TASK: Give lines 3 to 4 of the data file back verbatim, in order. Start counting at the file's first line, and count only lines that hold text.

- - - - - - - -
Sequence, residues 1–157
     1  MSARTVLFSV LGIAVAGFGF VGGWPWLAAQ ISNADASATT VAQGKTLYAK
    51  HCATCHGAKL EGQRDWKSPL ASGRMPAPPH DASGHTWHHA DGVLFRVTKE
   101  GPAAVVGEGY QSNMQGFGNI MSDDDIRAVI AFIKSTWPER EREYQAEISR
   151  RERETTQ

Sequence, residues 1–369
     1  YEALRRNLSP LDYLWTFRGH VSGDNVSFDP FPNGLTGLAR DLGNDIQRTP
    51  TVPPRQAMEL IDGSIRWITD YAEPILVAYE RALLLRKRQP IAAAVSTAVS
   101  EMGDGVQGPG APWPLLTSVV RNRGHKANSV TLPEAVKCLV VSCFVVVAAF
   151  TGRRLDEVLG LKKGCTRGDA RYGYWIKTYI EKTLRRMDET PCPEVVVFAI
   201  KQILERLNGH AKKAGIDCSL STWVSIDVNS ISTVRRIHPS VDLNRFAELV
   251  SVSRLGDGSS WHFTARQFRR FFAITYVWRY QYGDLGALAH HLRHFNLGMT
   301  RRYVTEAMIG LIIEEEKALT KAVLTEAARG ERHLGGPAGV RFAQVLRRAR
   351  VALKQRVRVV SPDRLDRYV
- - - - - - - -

    51  HCATCHGAKL EGQRDWKSPL ASGRMPAPPH DASGHTWHHA DGVLFRVTKE
   101  GPAAVVGEGY QSNMQGFGNI MSDDDIRAVI AFIKSTWPER EREYQAEISR